He also cites the minds behind Power Gig, a similar commercial product from the First Act instrument manufacturer, who put out a game controller with the same idea of playing video games with a real guitar, but with limited success. Both the competition of a crowding market place and lack of funding, Chatham says, ultimately drove the OpenChord project to a halt.
“There were a few other big names entering the ‘play with a real guitar’ space at the time, and so I got the feeling that a major push would have probably run into a number of legal problems.”
Chatham has plenty of advice for anyone else looking to put out a product similar to the V1 controller, especially on a smaller scale.
“The biggest things to worry about…are the testing requirements for government regulations — FCC, CE for Europe, others — that will burn up a few thousand dollars per test, and then the huge threat of legal patent action,” says the young entrepreneur. “While it’s incredibly easy to get into electronics these days, I feel like the amount of potential for patent litigation in the space more or less requires a company to get some degree of financial backing to limit the risk of getting sued out of existence.”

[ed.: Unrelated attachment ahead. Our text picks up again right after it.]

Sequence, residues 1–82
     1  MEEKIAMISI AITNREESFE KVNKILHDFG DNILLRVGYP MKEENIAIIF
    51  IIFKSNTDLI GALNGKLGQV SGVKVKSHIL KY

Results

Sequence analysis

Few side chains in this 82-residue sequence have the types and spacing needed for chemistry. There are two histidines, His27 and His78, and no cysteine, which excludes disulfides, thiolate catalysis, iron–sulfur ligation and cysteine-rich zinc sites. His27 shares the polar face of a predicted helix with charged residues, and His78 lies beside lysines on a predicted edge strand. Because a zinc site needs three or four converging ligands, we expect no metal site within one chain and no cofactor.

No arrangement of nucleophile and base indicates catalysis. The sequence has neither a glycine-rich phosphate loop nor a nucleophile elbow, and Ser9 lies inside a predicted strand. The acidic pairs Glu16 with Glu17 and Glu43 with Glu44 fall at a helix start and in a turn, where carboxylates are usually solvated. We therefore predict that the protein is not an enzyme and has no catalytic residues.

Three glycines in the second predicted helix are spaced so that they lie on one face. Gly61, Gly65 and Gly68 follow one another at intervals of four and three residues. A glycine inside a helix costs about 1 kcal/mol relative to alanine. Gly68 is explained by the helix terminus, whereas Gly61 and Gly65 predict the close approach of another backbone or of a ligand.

In addition to the degree of difficulty, Chatham estimates that the market for “rhythm games” is becoming stagnant, saying, “[It] was more or less collapsing at the same time we were coming out. I compare us to Power Gig… As much as they tried, they likely lost a boatload of money on that project.”
Power Gig received a “4 out of 10 (Bad)” rating from IGN Entertainment and the company suffered major layoffs soon after the game hit store shelves.
In an already atrophying game genre, is it wise to continue developing “real guitar” video games? The ‘Pro mode’ for Rock Band 3 requires a guitar controller with over 100 buttons that correspond to the frets on a real guitar, but even the IGN Entertainment review asks the million dollar question: “If you’re going to pay this much for a fake guitar with buttons that make it hard to slide your fingers on, why not spend a little more and buy the real thing?”
However, the million-and-one dollar question might be: Since buying/developing new hardware to trick out a real guitar, why not go the other route and develop software that makes playing a real guitar seem like a game?